US interceptors in Europe fast enough to hit Russian ICBMs: researcher
Interceptor missiles deployed in Poland as part of a US missile defense shield would be fast enough to target Russian intercontinental missiles, contrary to US assurances, a US researcher said Thursday. Ted Postol, a professor at the Massachusetts Institute of Technology and a long time critic of the US missile defense system, said the US Missile Defense Agency (MDA) is understating the speed of the interceptor and overstating the speed of Russian long range missiles. MDA spokesman Rick Lehner said Postol had no access to missile test data and his assertions were "totally false." The United States is negotiating to station 10 interceptor missiles in Poland and a high powered targeting radar in the Czech Republic to counter what it says is a growing missile threat from Iran. Russia has objected vehemently to the plan on grounds that the European site could be used against its missiles, despite repeated denials from Washington. Postol said the Americans "were probably concerned the Europeans wouldn't accept (the plan) so they came up with the false argument that the interceptors won't be fast enough to engage Russians' ICBMs." He argued that the interceptor missiles would have to be faster than acknowledged by the Missile Defense Agency to be effective against missiles from Iran. "The MDA claims the interceptors have a rather slow burnout speed, because you have to have a low burnout speed in order to not overtake Russian ICBMs," he said at a press conference. "They claim a 6.3 kilometers per second speed. At this speed, the interceptor wouldn't be able to engage an ICBM from Russia," he said. "But in fact, the burnout speed of this interceptor is closer to nine kilometers per second, which tends to fit to claims of the MDA that the system can protect from an Iran attack," he said. "If the speed is inferior, then they can't defend places that they said they could defend earlier," he said. Lehner insisted, however, that the US interceptors are not fast enough to catch a Russian ICBM. "These missiles are more like six kilometers per second or a little more and it is certainly not sufficient to intercept a Russian missile, even coming out of a western part of Russia," he said.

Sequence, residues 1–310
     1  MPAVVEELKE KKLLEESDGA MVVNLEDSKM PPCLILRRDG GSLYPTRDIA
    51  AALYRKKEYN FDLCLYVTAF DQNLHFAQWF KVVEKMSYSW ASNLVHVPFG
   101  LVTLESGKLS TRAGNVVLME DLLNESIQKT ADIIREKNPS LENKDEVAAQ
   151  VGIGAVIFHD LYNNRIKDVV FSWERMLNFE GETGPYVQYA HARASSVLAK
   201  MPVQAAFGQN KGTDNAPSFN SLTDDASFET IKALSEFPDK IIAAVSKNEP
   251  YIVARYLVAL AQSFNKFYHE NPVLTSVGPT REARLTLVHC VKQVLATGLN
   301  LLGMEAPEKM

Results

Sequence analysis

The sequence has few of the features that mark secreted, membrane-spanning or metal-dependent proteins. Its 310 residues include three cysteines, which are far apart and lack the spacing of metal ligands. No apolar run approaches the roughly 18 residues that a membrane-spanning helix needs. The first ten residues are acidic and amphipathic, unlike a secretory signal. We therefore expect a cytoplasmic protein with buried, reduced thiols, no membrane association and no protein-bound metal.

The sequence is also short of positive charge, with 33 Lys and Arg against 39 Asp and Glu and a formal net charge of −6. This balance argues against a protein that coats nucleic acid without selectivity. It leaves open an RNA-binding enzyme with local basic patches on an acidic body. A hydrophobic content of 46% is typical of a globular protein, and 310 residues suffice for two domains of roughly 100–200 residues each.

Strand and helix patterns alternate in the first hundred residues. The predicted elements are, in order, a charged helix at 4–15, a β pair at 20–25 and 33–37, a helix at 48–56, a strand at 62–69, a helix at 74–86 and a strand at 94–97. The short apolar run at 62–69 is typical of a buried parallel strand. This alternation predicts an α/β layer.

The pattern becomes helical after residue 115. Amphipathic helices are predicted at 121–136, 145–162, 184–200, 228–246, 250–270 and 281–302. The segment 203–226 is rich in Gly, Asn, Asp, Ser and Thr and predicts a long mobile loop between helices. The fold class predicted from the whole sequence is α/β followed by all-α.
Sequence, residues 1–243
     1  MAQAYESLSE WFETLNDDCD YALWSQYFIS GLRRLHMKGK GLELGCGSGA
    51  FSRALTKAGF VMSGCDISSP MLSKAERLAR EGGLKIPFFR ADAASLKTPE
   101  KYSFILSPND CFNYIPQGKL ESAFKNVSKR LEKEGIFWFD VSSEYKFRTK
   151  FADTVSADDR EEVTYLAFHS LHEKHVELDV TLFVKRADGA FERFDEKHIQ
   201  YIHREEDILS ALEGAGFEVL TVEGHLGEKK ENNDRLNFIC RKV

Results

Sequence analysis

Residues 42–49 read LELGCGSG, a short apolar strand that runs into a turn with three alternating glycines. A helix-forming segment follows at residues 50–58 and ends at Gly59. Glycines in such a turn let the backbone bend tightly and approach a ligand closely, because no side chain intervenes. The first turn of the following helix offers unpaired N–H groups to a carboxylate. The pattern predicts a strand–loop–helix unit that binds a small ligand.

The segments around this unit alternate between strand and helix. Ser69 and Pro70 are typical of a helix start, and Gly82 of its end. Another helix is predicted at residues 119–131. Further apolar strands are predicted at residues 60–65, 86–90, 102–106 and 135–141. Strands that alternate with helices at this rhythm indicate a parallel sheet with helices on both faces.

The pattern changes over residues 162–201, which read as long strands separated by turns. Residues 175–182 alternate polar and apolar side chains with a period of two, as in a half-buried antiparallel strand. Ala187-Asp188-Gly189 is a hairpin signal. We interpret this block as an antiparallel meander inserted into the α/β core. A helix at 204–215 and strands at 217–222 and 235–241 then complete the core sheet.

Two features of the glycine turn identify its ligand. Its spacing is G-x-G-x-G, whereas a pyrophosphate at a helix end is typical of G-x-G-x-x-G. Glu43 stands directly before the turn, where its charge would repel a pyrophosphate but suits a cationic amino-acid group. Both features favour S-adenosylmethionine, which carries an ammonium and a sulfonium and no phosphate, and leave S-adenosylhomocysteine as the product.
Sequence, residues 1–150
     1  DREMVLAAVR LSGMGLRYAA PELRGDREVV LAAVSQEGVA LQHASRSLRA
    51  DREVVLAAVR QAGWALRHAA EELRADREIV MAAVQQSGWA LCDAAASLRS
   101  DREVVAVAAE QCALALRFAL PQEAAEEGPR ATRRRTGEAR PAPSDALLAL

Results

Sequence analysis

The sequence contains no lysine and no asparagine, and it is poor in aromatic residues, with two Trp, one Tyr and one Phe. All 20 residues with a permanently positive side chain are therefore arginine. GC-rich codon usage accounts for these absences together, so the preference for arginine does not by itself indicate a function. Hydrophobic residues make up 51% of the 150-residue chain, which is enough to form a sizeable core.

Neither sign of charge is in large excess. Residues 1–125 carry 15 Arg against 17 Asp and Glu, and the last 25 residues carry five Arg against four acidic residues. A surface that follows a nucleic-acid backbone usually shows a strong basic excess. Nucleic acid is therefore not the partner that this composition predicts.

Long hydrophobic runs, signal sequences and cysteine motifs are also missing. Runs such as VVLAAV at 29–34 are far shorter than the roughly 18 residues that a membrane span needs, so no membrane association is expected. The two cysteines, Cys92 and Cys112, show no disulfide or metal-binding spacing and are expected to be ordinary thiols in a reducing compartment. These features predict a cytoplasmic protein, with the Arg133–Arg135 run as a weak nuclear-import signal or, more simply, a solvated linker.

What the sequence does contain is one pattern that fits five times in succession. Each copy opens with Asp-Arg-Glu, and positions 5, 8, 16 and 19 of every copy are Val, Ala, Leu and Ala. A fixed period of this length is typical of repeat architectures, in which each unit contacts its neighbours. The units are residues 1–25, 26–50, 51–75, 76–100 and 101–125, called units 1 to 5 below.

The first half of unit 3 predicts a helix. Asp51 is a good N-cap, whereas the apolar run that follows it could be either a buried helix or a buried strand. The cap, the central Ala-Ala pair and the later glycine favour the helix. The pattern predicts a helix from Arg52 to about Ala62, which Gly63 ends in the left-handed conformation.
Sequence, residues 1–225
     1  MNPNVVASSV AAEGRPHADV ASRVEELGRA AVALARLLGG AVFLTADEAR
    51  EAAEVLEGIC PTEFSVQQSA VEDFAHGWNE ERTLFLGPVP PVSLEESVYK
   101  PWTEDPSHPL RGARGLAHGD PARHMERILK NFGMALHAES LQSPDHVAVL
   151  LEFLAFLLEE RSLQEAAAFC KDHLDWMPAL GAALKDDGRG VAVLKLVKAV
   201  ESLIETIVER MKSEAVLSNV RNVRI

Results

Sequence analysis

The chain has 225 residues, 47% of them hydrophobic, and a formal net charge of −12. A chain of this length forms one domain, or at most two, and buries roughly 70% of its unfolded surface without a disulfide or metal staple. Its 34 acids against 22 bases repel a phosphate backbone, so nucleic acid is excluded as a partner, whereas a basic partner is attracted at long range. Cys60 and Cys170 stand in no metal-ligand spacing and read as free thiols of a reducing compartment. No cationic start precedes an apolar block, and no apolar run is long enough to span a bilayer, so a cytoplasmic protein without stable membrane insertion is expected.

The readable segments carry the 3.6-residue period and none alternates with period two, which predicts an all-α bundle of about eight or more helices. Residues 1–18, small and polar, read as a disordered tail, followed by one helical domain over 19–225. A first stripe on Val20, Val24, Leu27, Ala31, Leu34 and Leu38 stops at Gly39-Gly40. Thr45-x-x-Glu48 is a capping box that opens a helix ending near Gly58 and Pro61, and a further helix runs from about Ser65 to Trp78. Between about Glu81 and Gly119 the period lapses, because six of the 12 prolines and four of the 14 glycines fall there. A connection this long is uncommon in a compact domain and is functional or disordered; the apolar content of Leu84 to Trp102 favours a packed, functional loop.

China says U.S. missile shield threatens global stability
The placement of U.S. missile defenses in Europe will not ease global security concerns but will undermine the global strategic balance, the Chinese foreign minister said Wednesday. Washington insists that the deployment of a radar in the Czech Republic and a missile interceptor base in Poland will protect the U.S. and its NATO allies from potential missile attacks coming from Iran or North Korea, despite Russia's objections. Speaking at a news conference after a meeting between foreign ministers of China, Russia and India, Yang Jiechi expressed hope that a new concept of global security, characterized by mutual trust and equal rights, could be established in the future. The Harbin meeting is the third stand-alone meeting of the foreign ministers from the three countries. New Delhi hosted the previous two meetings, which some experts and media said could be aimed at setting up a military-political alliance to counter the influence of the United States in the region. Russia's Foreign Minister Sergei Lavrov said at the news conference in Harbin that Russia has no plans to form a military union with India and China. He said Moscow is developing dialogue with the two Asian countries through bilateral as well as trilateral formats, within the framework of the Shanghai Cooperation Organization and other structures. "We are striving to jointly resolve key issues of security through multilateral dialogue, primarily by political and diplomatic means," Lavrov said. "There is no alternative to a multi-polar and equal-rights cooperation in the world if we want to respond effectively to the existing threats," he said.